The annual Oktoberfest in Mt. Angel, Oregon is a tradition that dates back nearly five decades. Each year several hundred thousand visitors flock to this small town – an influx 100-times that of Mt. Angel’s population of 3,700. Many come for the authentic German atmosphere and culture and the array of culinary treats, not to mention the traditional German beer. But while the entertainment venues will be filled with people, no cash will be changing hands. That’s because the festival switched to tokens 12 years ago to simplify their security and cash control.
Simplicity (not Cash) is King
Oktoberfest uses tokens rather than cash in their entertainment venues – the beer garden, the wine garden and the Alpine garden. Each of these venues has several points of sale where customers can purchase beer, wine or delicious authentic German food – everything from schnitzel and strudel to brats, metts and pastries. Prior to converting to tokens, each of these points of sale handled cash. And since the event is entirely staffed by volunteers, event organizers were eager to simplify the cash handling process.
“The wine garden alone had 12 points of sale,” recalls PR Director Jerry Lauzon. “Now we have two large token booths – which are the only places where cash is used.”
But while the process works very smoothly now, reducing the number of places where cash is used, and making volunteers jobs easier, Lauzon recalls their initial discussions and thought process. He remembers being “concerned that people would have to wait in two lines – one to buy tokens, and then get into another line to buy whatever they wanted.”
But the tokens have actually sped up the process of purchasing food and beverage items. That is because every item in the entertainment venues is priced in even dollar increments, and the tokens are valued at $1 each.
“So we are able to process the sale a lot quicker than we could if we had to make change, say for example if someone gives you a twenty dollar bill for a $4 glass of wine” says Lauzon. “It is a lot easier to collect the 4 tokens, so sales move a lot quicker at the point of sale.”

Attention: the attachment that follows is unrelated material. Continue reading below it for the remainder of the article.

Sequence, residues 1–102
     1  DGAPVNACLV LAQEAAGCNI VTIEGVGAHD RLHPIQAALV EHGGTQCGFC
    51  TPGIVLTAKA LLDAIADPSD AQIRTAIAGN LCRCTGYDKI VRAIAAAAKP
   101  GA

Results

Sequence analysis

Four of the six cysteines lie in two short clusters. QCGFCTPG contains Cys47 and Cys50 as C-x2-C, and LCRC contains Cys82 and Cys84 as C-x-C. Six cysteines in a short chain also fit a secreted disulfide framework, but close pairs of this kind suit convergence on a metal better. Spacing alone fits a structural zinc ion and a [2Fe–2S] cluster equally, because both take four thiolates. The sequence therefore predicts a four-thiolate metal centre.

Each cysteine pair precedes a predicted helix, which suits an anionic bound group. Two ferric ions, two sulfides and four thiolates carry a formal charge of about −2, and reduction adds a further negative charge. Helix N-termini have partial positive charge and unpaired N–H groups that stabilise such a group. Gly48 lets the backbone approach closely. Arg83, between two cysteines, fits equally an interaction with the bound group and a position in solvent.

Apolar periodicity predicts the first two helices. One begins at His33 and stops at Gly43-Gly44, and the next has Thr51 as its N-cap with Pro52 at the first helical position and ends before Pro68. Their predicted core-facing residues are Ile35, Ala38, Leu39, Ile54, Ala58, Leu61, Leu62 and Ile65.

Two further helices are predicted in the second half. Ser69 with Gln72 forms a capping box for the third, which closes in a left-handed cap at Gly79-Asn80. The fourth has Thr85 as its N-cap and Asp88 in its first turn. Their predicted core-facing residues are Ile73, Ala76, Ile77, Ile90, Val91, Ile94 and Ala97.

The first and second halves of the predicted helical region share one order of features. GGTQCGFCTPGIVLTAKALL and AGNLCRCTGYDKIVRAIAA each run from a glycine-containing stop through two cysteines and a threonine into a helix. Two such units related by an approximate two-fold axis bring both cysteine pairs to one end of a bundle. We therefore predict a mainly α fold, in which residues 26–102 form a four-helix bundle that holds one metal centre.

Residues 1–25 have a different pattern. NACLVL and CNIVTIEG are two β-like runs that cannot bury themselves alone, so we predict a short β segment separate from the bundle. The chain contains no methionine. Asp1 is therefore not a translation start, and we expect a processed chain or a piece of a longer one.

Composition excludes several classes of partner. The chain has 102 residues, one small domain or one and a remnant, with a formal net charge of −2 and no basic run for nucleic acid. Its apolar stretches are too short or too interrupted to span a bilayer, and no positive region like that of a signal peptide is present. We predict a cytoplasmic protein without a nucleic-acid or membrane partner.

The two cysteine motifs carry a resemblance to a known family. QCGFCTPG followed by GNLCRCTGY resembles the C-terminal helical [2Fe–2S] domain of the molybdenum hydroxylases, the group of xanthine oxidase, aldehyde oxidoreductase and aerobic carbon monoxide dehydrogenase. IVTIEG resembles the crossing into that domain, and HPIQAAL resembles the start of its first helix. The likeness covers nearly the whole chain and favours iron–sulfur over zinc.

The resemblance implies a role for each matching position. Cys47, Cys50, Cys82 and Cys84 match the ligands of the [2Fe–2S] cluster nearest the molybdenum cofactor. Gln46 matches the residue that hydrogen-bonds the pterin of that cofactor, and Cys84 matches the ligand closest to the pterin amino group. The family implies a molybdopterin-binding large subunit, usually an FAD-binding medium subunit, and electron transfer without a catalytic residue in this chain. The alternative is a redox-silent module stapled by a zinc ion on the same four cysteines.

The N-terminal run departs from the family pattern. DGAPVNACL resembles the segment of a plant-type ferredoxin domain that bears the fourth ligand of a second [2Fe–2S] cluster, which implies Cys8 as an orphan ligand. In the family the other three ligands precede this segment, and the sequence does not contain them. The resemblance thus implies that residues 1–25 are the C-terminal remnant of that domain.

In addition to speeding transactions and simplifying the work of the 7,500 volunteers, tokens also mean there are fewer places to collect cash during the 4-day event. “Reducing the number of places where we have to pick up cash and process cash to get to the bank has been a great advantage for us.”
Having fewer places where money is being handled, in Lauzon’s estimation, “is the greatest advantage (of tokens).”
Purchasing the tokens is as easy as spending them. Customers can purchase tokens pre-bagged in lots of 10 or 20. Oktoberfest installs 2 ATM machines by each token booth. And customers can also purchase tokens with a credit card at the token booth.
That, says Lauzon presents another benefit. “We’re not running credit card operations at all of the places where we used to have cash. It would be very awkward having separate lines for credit card machines at each booth.”
Tokens are well accepted at Oktoberfest as evidenced by the volume in use – nearly 500,000 tokens are in circulation throughout the 4-day festival. But while there are plenty of tokens circulating throughout the event, not all of them make it back to the till as Oktoberfest winds down – which is fine by Lauzon.
Every year since they started using tokens, Oktoberfest has had a new supply of tokens minted – typically two to three thousand. While the overall design is the same, the dates are changed. This allows some branding to occur – because the Oktoberfest logo is included – while generating some “souvenir appeal” in the process (which promotes the sale of tokens which are not redeemed but rather kept as keepsakes).